Rights & Money

House Prices Still Rising

Do you know what your house is worth?

By Olev Edur

Images: iStock/Si-Gal.

What’s your house worth these days? And an equally important question for some: How much would it cost to buy anew if you were to move elsewhere in the country? And where might those prices be heading?

Currently, prices vary enormously across Canada depending on city and property type. If you own a two-storey house almost anywhere in urban Canada, it’s probably worth $300,000 or more—a heck of a lot more in Toronto, Calgary, and most cities in British Columbia. If so, you should have no problem finding less expensive properties almost anywhere you look.

Nevertheless, when it comes to selling a house and downsizing into a condo or bungalow in the same city, you may have trouble saving any money on the move. There are sizable costs involved in any sale and purchase, and the difference in prices may not be enough to generate a surplus of cash, especially if you’re hoping to move closer to a city centre, where prices are highest.

There are other pricing anomalies across the country. A condo in Halifax, for example, is worth more than a two-storey in Charlottetown or Saint John, NB; a condo in Victoria costs almost as much as a two-storey house in Kelowna, BC.

Prices vary within cities, too, sometimes even from one street to the next, and the same can be true for smaller towns. Plus, some of those low-cost locales are quickly rising in price.

Rudy Chong, the owner and manager of Royal LePage Prince Edward Realty in Charlottetown, says that his city’s double-digit price growth has been driven largely by influxes of people from across Canada and beyond. “More and more people, a lot of them seniors, have been coming here from Vancouver, Calgary, Toronto, Montreal, and even from overseas,” he says. “It’s the affordability that draws people, and it is still affordable here, even with the recent increases,” Chong adds.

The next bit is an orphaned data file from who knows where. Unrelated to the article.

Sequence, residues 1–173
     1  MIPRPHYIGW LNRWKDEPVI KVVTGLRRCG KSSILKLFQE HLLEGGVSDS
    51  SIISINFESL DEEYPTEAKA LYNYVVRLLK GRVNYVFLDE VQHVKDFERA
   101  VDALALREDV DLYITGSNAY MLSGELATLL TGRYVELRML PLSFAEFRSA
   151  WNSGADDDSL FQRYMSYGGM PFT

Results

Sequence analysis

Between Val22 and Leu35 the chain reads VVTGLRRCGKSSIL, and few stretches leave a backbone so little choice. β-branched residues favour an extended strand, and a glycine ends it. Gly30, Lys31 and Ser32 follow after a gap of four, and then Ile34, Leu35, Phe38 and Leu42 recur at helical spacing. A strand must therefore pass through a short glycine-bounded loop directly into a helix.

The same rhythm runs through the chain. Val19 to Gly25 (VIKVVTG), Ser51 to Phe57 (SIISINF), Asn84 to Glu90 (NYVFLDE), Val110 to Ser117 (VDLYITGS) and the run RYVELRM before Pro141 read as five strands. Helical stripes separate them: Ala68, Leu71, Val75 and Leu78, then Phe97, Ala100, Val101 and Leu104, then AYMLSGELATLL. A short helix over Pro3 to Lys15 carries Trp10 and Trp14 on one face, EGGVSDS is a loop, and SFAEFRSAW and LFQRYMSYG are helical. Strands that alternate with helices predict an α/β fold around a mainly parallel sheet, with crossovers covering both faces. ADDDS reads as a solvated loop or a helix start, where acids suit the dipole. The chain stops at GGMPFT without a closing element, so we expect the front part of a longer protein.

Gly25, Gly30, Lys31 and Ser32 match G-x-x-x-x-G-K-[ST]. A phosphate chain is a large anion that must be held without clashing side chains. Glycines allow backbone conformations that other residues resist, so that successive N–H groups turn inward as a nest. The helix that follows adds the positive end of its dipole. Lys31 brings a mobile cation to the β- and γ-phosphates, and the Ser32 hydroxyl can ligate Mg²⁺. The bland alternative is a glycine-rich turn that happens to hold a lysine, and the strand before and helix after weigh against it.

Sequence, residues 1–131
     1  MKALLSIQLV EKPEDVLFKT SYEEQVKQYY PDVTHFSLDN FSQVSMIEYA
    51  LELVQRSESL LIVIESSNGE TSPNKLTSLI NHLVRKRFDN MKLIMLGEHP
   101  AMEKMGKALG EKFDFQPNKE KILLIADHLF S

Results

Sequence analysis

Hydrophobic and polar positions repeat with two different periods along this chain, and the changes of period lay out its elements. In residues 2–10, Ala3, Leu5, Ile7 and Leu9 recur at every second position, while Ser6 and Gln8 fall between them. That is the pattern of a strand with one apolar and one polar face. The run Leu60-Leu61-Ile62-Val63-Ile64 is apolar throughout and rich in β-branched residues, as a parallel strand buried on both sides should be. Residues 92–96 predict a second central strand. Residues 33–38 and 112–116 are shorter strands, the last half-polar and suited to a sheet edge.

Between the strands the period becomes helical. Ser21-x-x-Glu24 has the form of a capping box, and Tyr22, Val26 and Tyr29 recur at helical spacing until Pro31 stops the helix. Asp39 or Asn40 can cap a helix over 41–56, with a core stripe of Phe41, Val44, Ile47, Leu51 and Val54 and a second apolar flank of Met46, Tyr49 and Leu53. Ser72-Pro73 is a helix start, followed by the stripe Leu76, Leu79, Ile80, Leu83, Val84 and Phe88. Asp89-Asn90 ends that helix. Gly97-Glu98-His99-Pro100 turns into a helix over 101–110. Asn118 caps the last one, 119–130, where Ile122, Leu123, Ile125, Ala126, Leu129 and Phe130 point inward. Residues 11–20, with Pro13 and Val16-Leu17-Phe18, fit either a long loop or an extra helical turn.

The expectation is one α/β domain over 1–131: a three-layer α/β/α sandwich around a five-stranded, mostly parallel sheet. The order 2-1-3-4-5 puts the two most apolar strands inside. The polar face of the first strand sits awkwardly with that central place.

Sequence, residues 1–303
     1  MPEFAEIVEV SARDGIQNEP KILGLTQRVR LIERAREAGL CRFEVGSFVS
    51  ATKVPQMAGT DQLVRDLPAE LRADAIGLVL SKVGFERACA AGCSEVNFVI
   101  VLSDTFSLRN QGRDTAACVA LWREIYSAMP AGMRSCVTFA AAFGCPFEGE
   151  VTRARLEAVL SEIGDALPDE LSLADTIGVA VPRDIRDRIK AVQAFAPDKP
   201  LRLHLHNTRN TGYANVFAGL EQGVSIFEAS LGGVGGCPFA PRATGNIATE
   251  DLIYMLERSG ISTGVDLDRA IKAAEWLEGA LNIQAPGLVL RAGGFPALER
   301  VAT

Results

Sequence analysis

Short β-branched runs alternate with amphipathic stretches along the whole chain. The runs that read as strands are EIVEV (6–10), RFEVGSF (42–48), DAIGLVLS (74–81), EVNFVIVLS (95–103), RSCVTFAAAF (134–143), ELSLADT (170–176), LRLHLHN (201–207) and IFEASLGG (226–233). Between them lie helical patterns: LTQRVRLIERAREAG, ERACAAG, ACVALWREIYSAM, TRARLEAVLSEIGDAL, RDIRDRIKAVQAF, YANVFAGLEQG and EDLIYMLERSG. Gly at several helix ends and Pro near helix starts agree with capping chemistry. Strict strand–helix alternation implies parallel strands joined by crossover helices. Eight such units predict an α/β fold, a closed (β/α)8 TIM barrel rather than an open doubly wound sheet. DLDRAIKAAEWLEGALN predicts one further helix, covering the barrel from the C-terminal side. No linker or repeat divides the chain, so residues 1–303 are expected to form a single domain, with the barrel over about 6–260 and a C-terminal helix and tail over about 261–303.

“And there’s still a big difference between the city and the smaller towns on the island. A house that might cost you $230,000 in Charlottetown would cost $160,000 to $170,000 in Montague [roughly 40 kilometres (25 miles) to the east]. The pricing outside of Charlottetown is more normal.

“There are two forces driving up prices in Charlottetown: supply and demand, and speculation,” Chong says. “Construction is picking up to meet the demand—we’re seeing the same record pace of building permits as last year—but there’s a shortage of tradespeople, so prices keep going up.”

The story is similar in Kingston, ON, where some prices rose by double digits for the year through May 2018.

Speaking to The Kingston Whig-Standard earlier in the year, Bob Armer, the manager of Royal LePage ProAlliance Realty in the Kingston area, said booming prices there stemmed from a combination of new investment in manufacturing facilities, bolstering an already strong local economy, and an influx of investors from the Greater Toronto Area (GTA).

For the rest, along with this past summer’s release of second-quarter house prices, Royal LePage forecasts that prices in most areas will continue to grow moderately—low- to mid-single digits—with a few localized exceptions. “When you add an inflow of baby boomer retirees who are drawn to the same smaller cities for their charm and quiet appeal, it’s not surprising that home price appreciation rates in Windsor, Belleville, Niagara, and Kingston are among the highest in the country, noticeably outpacing those being seen in the GTA,” said Phil Soper, the president and CEO of Royal LePage, at the time the mid-year data was released.

Soper acknowledged that “there is a cloud of uncertainty hovering over our economy and business environment” as a result of rocky NAFTA negotiations, but, he added, “notwithstanding the economic drag that difficult American trade negotiations are creating, the national housing market is expected to remain in a long-term expansionary cycle, albeit at a slower pace than we have witnessed over the past couple of years.”